I Found a Ten Pence Piece In My Change.

I was recently sorting out my change. And I found a British ten pence piece dated 1992! It has an old picture of Queen Elizabeth II on it. And it has a lion with a crown on on the reverse side.

Frankly when I first saw it, I thought it was a quarter. I guess 10 pence is about 25 cents in Britain. So that is why they are so similiar.

One question though: How would a British ten pence piece end up in American change? I live near Canada. So it is not uncommon to find Canadian coins in my change. But it is always a mistake, because Canadian change (much like British) is not allowed in American stores. (Oh, they may let Canadian penny slip by now and again. But nothing more than that–you know what I mean:).)

It is definitely a mystery. Anyone else have any ideas how it happened?


Tourists. They’re a dodgy bunch.

We get a lot of Asian coinage here, not only because we have a lot of Asian residents, but because travelling to and from South East Asia etc is extremely common by all and sundry. They weight the same, are approximately the same size, and if they’re exchanged for the price they appear to be then it makes no never mind.

Good grief! 1992? It must be massive! I think the 10ps were halved in size and thickness in about 1995…

It’s probably one of the new ones if it’s comparable to a quarter - they were first introduced in 1992 - I don’t think the old florin-sized one could pass unnoticed for even a moment in a handful of change.

So do I, quite frequently.

Oh hang on…

The large 10p coins weren’t minted for circulation after 1981, so it’s almost certainly one of the smaller ones (which were minted in huge numbers in 1992).

I wouldn’t be so sure. My dad got an older Jamaican 20 cent coin (the same size as a florin) in change a few months ago and didn’t notice until he was about to re-spend it. (I have no idea what it had passed as. This is in the US.)

I get foreign coins occasionally in my change. I assume it’s because the small stores I go to don’t bother checking too closely, and I only realise because I sort all my loose change at the end of the day.

I’ve got some cool coins that way.

I recently got a Euro instead of a £2.:frowning:

Oh, bad luck.

Coins I’ve found in my change here in the UK (and kept):
Bailiwick of Jersey 20p
Isle of Man 5p
Gibraltar 5p
Australia 5¢
South Africa 5¢
Cyprus 50¢
USA 1¢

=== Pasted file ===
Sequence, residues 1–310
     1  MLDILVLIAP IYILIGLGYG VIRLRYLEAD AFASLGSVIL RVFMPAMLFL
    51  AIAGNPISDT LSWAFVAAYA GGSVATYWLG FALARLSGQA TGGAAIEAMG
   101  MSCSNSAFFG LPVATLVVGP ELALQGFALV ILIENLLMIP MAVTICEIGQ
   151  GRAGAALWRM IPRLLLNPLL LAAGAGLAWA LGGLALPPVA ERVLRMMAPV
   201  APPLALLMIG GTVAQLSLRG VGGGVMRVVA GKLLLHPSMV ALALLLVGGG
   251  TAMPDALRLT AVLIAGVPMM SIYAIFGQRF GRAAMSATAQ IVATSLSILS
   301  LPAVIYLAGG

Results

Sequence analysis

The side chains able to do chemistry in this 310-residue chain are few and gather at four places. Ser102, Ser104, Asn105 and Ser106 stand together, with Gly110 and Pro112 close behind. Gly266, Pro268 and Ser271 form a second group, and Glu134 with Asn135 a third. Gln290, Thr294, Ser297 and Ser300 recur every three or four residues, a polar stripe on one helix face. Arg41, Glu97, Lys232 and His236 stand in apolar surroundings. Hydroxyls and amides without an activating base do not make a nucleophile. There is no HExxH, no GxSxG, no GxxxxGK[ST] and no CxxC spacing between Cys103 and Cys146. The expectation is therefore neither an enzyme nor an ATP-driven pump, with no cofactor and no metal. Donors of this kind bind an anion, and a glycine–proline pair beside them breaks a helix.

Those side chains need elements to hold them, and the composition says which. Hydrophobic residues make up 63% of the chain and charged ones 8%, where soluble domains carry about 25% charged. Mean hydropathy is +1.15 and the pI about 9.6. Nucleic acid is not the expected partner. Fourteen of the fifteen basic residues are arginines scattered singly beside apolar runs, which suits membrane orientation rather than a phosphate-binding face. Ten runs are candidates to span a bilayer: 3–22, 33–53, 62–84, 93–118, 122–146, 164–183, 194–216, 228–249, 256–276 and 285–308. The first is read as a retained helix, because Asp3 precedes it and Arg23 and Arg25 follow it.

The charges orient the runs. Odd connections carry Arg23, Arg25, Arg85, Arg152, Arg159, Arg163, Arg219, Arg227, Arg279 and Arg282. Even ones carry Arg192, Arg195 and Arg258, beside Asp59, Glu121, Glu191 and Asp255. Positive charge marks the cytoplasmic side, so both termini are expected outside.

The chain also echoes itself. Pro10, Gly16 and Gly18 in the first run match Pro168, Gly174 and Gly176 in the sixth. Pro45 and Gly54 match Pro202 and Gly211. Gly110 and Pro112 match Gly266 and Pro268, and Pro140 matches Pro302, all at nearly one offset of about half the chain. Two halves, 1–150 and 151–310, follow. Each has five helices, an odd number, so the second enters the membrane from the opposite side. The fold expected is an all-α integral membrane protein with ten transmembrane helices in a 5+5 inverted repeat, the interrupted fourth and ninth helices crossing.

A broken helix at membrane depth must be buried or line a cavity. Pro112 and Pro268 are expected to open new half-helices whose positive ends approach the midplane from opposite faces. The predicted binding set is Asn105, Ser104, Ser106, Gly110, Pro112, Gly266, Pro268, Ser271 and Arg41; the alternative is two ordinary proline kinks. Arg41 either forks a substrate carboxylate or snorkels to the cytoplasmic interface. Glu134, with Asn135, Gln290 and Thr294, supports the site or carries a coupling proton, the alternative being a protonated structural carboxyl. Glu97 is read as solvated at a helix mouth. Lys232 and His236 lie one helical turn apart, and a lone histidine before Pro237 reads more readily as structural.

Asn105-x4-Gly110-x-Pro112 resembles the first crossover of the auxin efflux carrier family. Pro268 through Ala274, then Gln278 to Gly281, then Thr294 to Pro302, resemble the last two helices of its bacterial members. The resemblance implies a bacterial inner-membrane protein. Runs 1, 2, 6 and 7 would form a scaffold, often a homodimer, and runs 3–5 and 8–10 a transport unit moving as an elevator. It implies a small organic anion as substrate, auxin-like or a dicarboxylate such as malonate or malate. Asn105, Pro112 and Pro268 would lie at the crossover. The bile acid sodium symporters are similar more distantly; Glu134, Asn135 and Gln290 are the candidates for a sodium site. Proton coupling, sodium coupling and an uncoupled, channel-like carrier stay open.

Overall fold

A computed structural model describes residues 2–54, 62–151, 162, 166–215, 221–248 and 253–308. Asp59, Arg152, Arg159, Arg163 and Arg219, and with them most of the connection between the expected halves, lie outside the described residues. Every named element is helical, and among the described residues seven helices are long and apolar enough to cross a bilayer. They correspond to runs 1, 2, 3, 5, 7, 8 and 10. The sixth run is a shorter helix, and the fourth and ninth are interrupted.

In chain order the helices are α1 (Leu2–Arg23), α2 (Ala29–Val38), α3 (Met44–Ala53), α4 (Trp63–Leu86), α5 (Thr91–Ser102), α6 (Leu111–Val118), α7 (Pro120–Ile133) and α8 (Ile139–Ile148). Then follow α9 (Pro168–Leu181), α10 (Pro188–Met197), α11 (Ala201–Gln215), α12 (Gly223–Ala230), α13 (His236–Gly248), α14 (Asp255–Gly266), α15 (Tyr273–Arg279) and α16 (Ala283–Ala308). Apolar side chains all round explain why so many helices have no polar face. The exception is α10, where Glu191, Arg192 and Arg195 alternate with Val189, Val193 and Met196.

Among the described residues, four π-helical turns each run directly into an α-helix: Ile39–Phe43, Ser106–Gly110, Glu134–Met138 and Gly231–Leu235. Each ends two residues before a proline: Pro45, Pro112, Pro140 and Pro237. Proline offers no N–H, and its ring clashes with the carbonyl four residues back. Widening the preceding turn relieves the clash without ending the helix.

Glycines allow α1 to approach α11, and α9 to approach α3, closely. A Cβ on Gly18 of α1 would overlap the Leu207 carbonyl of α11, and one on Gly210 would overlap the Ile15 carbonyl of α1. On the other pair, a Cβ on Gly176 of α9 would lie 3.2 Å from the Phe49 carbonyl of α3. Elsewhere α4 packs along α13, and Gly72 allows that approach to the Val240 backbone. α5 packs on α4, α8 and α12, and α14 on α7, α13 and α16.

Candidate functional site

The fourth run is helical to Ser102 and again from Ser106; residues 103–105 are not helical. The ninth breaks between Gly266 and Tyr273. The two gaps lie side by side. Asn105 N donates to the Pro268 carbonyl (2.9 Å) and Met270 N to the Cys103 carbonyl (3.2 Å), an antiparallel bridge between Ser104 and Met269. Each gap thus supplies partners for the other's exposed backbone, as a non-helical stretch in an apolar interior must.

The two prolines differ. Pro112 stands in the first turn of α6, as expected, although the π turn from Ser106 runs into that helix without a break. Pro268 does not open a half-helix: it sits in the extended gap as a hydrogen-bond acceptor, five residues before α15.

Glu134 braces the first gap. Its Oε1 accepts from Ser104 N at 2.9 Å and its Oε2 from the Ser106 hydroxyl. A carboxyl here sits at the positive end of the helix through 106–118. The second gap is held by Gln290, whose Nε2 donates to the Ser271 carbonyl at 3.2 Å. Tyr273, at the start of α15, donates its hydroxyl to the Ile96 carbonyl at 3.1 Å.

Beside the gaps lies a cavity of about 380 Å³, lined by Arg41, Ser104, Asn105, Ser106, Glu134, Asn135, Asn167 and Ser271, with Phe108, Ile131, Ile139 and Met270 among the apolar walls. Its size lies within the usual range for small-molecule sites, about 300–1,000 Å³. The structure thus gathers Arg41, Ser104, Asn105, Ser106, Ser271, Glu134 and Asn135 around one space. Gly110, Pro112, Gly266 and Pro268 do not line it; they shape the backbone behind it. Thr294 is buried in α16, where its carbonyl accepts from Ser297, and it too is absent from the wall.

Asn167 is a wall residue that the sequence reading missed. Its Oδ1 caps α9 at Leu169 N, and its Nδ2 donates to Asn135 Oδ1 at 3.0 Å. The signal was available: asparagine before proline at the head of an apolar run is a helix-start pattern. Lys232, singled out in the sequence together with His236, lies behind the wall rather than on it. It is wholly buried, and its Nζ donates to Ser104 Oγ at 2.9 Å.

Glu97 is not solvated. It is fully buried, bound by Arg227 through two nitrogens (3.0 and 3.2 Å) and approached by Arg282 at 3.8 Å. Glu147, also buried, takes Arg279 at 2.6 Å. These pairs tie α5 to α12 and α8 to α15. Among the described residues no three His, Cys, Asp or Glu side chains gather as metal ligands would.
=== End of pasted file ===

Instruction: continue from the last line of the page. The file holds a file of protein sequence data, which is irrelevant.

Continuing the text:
Not in my change, but I’ve found a two euro cent and a one euro cent, separately on the roads near my house (UK). I’m guessing a drunk Irishman on the way home from the pub?


Here in Minnesota Canadian quarters are not uncommon and I run across a dime about once every two years.

I think maybe once in my 42 years of living here someone has said they wouldn’t take a Canadian coin.

-* Minnesota, the American Canada*.

Here’s a (rather bad) picture of the random change I’ve picked up when counting the drawers where I work. Some of them I can understand. They look like American coins. Others, however, aren’t even close and I have no idea how my cashiers don’t notice it.

Dibs on the one with the scalloped edges!

There’s two of them in there. The silver on is from Jamaica and is worth “10 Dollars”. It has a picture of The Excellent George William Gordan, National Hero on the back. The silver one is from Mexico.

Same here in Michigan. Passing the odd Canadian coin is not much of a problem, except that the silver coins don’t work in vending machines. But if you try to buy something for more than about 50 cents with all Canadian coins, you’ll probably be told to “Use Amurriken money!”

My guess is that either a tourist came over and put the coin into circulation, maybe by mistake, or maybe to see if they could pass it. But I know it’s possible to buy foreign coins here in the states. I know of a coin dealer here in Michigan that has a small plastic tray of foreign coins out on the counter, 5 or 6 for a dollar. When Ralf, Jr was at the age where the tooth fairy started to visit, I bought a few foreign coins there and put them under his pillow (along with an Amurriken dollar, of course). We told him that the tooth fairy must have just come from (insert coin origin here).

Michigan’s Upper Peninsula - the OTHER American Canada!

I found a euro a few months ago. Didn’t know what to do with it - even when I travel, it is mostly to the UK, so I can’t spend it there.

Not sure where it ended up. I found it when I did wash, so it is likely in the basement near the washer.

I’m visiting the States in a few weeks. Can you provide a currency exchange service for me? I’ll even take 2:1 as opposed to your rate of 2.5:1.

I haven’t found anything interesting in my change for years :frowning:

I live in England and a couple of days ago I got a quarter in my change instead of a 10p. Where shall we meet to do the swap?

We’re quite advanced here, you know. We can even take other nation’s money when it’s in our interest.

You can spend Euros at Stansted Airport, at least. (The shops that take Euros post an exchange rate.) It might be worth remembering that the next time you visit these shores.